"I've got things I want to do," she said.
"And that's why this walk is so important to me, because it's going to take a lot of personal strength and personal endurance to get past the fact that it's going to hurt like heck."
IN OTHER NEWS:
Throughout her 29 years struggling with her health, Ms Robinson has found refuge in pop culture.
She lovesthe Cressida Cowell series How To Train Your Dragon.
"People make fun of me for loving dragons as an adult, but the woman who wrote the books is like 50," she said, with a smirk.
She writes fan faction online, and designs furniture based on her favourite sets in films.
In a blog, she records her thoughts about the epic stories and worlds she devours - the fantasy quests where outsiders prove their worth.
"[It's] a reminder of fun, colour and courage," she wrote, about How To Train Your Dragon. "Possibilities and acceptance, inspiration and familiarity."
"I'm still looking for my New Berk," she wrote once in a period of homelessness, referring to the dragon-friendly utopia in the third How to Train Your Dragon movie.
Homelessness and poverty have been side-effects of Ms Robinson's illness. She has struggled to find an employer that would hire someone so unusual-looking, and has spent her adult life scraping by on Centrelink payments. She wants a job, but has found workplaces are reluctant to take on someone with ongoing health issues.
It's a state of affairs that is cruel, but not unusual.
The unemployment rate for people with a disability in Australia is double the general rate - only a quarter of people with a profound disability are employed. Forty-five per cent of those with a disability in Australia are living either near or below the poverty line. That's more than double the OECD average, and out of the 27 OECD countries, Australia ranks at the very bottom for the relative income of people with a disability.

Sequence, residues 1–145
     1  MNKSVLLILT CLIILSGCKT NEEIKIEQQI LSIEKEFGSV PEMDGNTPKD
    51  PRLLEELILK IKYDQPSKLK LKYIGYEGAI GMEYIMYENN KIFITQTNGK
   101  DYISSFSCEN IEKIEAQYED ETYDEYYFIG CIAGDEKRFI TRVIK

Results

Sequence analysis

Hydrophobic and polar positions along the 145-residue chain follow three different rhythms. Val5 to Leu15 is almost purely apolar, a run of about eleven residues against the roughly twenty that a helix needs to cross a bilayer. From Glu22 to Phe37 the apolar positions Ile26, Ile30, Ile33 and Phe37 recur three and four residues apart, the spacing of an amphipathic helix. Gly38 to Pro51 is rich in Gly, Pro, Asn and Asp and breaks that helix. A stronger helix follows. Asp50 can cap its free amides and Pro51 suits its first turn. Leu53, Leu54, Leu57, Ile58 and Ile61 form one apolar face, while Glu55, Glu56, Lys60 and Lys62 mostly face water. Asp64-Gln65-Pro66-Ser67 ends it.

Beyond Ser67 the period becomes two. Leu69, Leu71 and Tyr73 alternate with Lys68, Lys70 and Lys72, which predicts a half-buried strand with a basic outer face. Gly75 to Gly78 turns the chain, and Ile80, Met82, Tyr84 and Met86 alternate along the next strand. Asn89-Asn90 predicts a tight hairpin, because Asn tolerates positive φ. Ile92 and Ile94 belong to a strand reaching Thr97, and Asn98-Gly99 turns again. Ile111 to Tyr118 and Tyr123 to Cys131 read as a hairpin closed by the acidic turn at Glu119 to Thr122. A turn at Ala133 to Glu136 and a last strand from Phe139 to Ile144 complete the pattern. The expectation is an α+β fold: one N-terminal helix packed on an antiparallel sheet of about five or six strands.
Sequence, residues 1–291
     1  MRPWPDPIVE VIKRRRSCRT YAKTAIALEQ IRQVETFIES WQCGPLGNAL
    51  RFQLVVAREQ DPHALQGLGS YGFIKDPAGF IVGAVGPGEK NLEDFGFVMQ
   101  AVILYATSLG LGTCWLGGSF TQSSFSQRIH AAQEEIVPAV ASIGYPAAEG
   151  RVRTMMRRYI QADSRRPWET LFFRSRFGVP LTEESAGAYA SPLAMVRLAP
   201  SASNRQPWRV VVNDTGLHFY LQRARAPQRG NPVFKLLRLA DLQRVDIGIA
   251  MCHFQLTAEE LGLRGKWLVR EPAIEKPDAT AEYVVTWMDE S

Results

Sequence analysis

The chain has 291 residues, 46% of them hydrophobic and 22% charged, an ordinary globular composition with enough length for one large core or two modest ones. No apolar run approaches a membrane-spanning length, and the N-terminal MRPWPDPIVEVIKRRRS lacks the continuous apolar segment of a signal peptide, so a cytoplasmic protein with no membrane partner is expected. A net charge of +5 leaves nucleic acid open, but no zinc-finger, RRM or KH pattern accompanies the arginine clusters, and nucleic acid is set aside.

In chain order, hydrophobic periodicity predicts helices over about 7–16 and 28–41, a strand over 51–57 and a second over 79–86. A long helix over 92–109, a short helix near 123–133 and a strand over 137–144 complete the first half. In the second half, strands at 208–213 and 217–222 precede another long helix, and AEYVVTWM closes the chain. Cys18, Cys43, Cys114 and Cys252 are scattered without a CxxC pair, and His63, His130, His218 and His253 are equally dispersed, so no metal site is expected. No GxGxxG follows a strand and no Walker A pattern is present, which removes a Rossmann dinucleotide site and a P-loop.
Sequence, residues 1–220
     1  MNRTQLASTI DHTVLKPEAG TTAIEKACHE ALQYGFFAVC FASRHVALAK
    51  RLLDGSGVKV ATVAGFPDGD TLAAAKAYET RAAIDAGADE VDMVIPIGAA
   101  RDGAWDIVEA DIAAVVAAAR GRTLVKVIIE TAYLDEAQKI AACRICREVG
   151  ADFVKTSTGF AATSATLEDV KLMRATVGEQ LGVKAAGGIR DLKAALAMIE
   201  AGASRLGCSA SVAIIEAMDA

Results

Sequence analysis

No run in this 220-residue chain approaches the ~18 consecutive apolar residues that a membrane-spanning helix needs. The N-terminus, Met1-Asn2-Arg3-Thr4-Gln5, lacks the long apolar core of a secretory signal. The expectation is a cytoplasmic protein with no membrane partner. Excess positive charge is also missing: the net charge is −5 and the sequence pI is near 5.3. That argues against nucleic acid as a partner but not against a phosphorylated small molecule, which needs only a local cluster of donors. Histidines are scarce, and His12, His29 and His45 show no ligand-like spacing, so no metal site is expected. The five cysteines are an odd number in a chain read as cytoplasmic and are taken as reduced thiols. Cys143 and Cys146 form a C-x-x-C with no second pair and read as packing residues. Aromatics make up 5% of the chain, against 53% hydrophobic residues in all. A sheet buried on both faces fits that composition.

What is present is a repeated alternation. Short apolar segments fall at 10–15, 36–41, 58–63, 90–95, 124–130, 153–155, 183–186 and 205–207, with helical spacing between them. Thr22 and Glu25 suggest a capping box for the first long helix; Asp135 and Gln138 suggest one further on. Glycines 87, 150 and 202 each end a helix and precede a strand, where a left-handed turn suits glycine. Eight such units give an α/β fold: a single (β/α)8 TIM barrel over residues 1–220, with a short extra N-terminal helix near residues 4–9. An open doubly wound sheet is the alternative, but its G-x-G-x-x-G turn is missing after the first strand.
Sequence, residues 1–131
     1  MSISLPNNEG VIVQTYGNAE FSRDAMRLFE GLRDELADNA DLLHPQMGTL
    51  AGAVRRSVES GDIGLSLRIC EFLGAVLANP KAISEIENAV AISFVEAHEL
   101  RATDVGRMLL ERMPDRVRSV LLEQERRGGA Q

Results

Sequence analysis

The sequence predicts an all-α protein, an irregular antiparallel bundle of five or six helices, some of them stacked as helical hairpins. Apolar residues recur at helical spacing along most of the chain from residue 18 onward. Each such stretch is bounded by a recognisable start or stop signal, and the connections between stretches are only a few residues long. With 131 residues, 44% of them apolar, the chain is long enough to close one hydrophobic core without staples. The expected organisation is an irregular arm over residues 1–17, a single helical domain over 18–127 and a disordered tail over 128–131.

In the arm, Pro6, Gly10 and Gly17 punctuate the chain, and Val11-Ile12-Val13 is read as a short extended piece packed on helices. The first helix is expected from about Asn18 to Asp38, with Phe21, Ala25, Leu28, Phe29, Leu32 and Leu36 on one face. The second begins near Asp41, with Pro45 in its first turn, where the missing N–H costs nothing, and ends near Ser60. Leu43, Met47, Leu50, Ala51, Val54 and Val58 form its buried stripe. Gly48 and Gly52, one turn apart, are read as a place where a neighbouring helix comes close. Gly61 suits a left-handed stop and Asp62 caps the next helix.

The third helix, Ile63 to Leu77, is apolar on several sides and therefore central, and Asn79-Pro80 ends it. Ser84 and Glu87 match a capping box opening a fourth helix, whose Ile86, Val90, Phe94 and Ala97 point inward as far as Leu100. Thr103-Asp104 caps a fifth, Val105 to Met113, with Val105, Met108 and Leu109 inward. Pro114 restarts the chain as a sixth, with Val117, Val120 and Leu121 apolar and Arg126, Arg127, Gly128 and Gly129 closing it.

Here's the Australian Human Rights Commission: "People with disabilities are more likely to experience poverty, live in poor quality or insecure housing and have low levels of education. They are often socially isolated, with fewer opportunities to take part in community life."
If I can do this, then clearly I can stack boxes.Eliana Robinson
That's been the case for Ms Robinson for her whole life, and she's sick of it.
Walking from Launceston to Hobart in spite of her personal barriers seems completely crazy - but the long-distance walk is her own epic quest.
It's her own hero's journey: an opportunity to prove her worth, like the characters in the stories she loves.
"Poverty and disability both have these very tight chains around me, and I want to break the both of them," she said.
"I know that financially, this walk isn't going to change anything. But I'm hoping to actually use it as a bit of accreditation, like in my CV - to show employers that are disinclined to believe that I can do anything because of my disability.
"If I can do this, then clearly I can stack boxes. You know?"
There is a line in the song Speechless that she was listening to when she decided to attempt the walk: that talks about how you can't choose when or how you'll die, but you can choose how you'll live your life up to that point.
"I can go days just locked in a room, like Rapunzel, going out of my mind," she said.
"Then comes night time, when I can go out and feel normal.
"But everything's closed and everyone's in bed. There's this isolation.
"And you start to think, I'm never going to do anything, I'm never going to be anything. And it starts to eat at you - like my illness. I start to feel like I just have to sit around and wait to die. But eventually I thought, nope. I don't want to do that."
So she's setting out for Hobart.
- Donate to Eliana's walk through GoFundMe, at gf.me/u/trnzpi